Household smoking restrictions related to secondhand smoke exposure in Guangdong, China : A population representative survey

Research output: Journal Publications and Reviews (RGC: 21, 22, 62)21_Publication in refereed journalpeer-review

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Author(s)

  • Xiaolin Wei
  • Zhenzhen Zhang
  • Xiuling Song
  • Yanjun Xu
  • Wei Wu
  • Wenjun Ma

Detail(s)

Original languageEnglish
Article numberntt162
Pages (from-to)390-396
Number of pages7
Journal / PublicationNicotine and Tobacco Research
Volume16
Issue number4
Online published15 Oct 2013
Publication statusPublished - Apr 2014
Externally publishedYes

Abstract

Introduction: China has a higher household secondhand smoke exposure rate than other countries. This study aims to estimate the prevalence rate of households implementing smoking bans in Guangdong and to identify factors correlated with household smoking bans. Methods: A cross-sectional, stratified random cluster sampling survey was conducted in Guangdong in 2010. A total of 2,114 adults aged 15 and older completed the face-to-face interviews with a response rate of 70%. The survey employed an adapted and validated questionnaire from the China Global Adult Tobacco Survey. Household smoking policy was divided into 3 groups: full ban, partial ban, and no ban. A multiple logistic regression model was employed to explore factors related to a full household smoking ban. Results: The survey found 14.2% of respondents reported a full ban, 23.6% reported a partial ban, and 62.2% reported no ban of smoking at home. Current smoking status was the strongest predictor for less restrictive household smoking policies (odds ratio [OR] = 4.9, 95% CI = 2.634-8.999). Our study suggested that people with a high level of education were more likely to implement a full household smoking ban (OR = 4.4, 95% CI = 2.388-8.178). Additionally, urban residents were significantly more likely to report a full household smoking ban than rural residents (OR = 1.67, 95% CI = 1.202-2.322). Conclusions: Household smoking bans were not sufficiently established in Guangdong, China. Intensified efforts were called to promote home smoking bans, especially for those with a lower education level, with lower income, and living in rural areas. © The Author 2013. Published by Oxford University Press on behalf of the Society for Research on Nicotine and Tobacco. All rights reserved.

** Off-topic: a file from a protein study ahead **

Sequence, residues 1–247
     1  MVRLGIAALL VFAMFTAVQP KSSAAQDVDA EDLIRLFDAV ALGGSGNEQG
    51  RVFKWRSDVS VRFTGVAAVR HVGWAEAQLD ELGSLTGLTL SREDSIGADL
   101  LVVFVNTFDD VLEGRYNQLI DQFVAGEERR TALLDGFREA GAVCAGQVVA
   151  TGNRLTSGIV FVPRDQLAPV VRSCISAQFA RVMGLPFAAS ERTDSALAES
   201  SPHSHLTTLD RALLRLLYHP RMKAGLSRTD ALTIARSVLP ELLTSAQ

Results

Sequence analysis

Citation Format(s)

Household smoking restrictions related to secondhand smoke exposure in Guangdong, China: A population representative survey. / Wei, Xiaolin; Zhang, Zhenzhen; Song, Xiuling et al.
In: Nicotine and Tobacco Research, Vol. 16, No. 4, ntt162, 04.2014, p. 390-396.

Research output: Journal Publications and Reviews (RGC: 21, 22, 62)21_Publication in refereed journalpeer-review